if so i would be glad if someone could send me a cdcops exe

    i don't understand how you can compute this by timing, could
    you explain ?
    should be easy to calculate the length of one 'ring' with timing,but the angle ?

    yeah, well i guess it's my lack of knowledge about cds...
    how is a single sector arranged on the cd (physically) ?
    I promise that I have read the FAQ and tried to use the Search to answer my question.

  6. #6
    IcyDee
    Guest
    Originally posted by blackcheck

    i don't understand how you can compute this by timing, could
    you explain ?
    should be easy to calculate the length of one 'ring' with timing,but the angle ?

    yeah, well i guess it's my lack of knowledge about cds...
    how is a single sector arranged on the cd (physically) ?
    [/B]
    Sectors are arranged in a continuous groove (rather like a record) but instead of a constant angular speed (45 rpm) it is a constant linear speed. This means that there are more sectors in an outer loop of the spiral than on an inner spiral.

    I worked out once that each sector takes a linear distance of about 14mm (this is not exactly true since adjacent sectors are combined to improve the error correction.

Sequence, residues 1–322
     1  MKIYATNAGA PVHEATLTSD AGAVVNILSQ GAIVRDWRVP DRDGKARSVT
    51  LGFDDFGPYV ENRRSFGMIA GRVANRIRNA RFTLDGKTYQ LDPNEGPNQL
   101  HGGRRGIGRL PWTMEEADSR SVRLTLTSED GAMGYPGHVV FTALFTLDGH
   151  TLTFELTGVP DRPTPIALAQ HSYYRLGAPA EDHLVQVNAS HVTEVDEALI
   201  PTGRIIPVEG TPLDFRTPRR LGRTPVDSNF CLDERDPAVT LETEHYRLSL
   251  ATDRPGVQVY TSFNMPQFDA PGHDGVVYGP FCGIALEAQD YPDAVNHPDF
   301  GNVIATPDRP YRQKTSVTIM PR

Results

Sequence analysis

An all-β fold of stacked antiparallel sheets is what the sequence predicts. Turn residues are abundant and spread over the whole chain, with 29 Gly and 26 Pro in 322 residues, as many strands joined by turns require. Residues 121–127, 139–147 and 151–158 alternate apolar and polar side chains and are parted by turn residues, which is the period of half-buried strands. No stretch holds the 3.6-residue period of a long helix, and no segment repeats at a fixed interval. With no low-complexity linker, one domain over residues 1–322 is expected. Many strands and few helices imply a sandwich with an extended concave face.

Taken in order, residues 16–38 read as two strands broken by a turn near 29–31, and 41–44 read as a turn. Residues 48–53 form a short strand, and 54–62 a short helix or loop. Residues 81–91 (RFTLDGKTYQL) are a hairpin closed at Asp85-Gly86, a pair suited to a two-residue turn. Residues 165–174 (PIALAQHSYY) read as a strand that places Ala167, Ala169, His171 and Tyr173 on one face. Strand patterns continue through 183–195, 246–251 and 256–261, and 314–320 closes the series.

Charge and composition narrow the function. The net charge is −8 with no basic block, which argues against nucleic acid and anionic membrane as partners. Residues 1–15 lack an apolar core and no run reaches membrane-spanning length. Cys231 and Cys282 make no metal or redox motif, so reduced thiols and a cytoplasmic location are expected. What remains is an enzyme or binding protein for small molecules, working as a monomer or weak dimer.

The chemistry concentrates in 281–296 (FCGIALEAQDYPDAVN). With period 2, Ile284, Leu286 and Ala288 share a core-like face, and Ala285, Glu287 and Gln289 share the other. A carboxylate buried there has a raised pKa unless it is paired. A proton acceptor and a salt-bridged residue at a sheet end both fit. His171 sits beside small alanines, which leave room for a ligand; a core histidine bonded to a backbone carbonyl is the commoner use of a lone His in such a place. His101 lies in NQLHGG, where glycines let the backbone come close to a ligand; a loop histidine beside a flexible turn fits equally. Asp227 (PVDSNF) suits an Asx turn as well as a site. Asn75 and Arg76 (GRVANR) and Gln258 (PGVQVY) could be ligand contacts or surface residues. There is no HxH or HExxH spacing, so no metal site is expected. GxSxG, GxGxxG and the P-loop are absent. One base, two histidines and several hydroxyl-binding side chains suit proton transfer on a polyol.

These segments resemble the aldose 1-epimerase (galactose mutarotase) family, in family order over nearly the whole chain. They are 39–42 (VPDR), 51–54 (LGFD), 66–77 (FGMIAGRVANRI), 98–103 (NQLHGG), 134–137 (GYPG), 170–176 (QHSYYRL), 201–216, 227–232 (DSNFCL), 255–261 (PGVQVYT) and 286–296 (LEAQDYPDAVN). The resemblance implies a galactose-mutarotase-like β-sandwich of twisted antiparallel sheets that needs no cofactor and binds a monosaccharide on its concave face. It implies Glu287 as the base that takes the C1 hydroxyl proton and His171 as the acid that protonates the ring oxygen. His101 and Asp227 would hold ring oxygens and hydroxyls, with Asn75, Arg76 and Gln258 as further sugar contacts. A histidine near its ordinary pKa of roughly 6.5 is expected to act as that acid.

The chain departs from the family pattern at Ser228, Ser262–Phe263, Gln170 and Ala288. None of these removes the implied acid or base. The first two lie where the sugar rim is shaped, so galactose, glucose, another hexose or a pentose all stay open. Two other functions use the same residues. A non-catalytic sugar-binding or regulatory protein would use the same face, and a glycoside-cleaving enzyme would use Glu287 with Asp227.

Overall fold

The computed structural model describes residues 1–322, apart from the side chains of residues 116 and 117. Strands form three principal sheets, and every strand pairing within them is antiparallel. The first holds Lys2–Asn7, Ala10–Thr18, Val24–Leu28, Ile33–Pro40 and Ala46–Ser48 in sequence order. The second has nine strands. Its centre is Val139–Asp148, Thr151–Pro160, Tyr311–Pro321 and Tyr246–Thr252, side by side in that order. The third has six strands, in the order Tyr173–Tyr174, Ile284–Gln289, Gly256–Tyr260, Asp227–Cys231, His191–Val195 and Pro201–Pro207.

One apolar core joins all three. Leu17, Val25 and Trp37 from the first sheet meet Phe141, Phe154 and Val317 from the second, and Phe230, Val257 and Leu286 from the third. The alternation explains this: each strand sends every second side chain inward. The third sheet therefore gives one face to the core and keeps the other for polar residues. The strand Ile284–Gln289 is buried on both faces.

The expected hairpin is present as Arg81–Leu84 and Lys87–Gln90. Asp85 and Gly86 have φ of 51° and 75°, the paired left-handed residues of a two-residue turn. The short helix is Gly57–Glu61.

Imagine two sectors, sector 1 on the inner loop of the spiral and a sector on an outer loop (say sector 200000). If the disk drive is told to read sector 1 and then sector 200000 then there will be a delay between the data being returned for each sector. This delay will be made up of several components.

    1. The operating system overhead.
    2. The time for the drive to seek from the inner to the outer sector.
    3. The time for the sector 200000 to rotate under the read head.

    Now (1) can be ruled out since it will be fairly constant for each read (and very short anyway) and will cancel out if we are looking for timing differences.

    (2) will be fairly constant and will depend upon the drive.

    (3) will depend upon a few factors, one being the angular distance between the start and end sector. The other being the rotational speed of the drive. We can assume that the rotational speed is constant and will cancel out.

    By making several measurements between sector 1-200000, 1-200001, 1-200002 etc. it is possible to work out which outer sector has the smallest angular distance to sector 1. This is what I believe CD-Cops measures.

    One flaw with CD-Cops was that it always measured between the same sectors. If you measure these timings and then 'play them back' on another copied disk then you could fool the protection into believing that the disk was an original.
    I promise that I have read the FAQ and tried to use the Search to answer my question.

  7. #7
    blackcheck
    Guest
    thanks a lot for your exlanation.
    i tried it and it really works.
    i can detect a perfect clonecd copy.
    the only hard thing is to make it work
    reliably.
    I promise that I have read the FAQ and tried to use the Search to answer my question.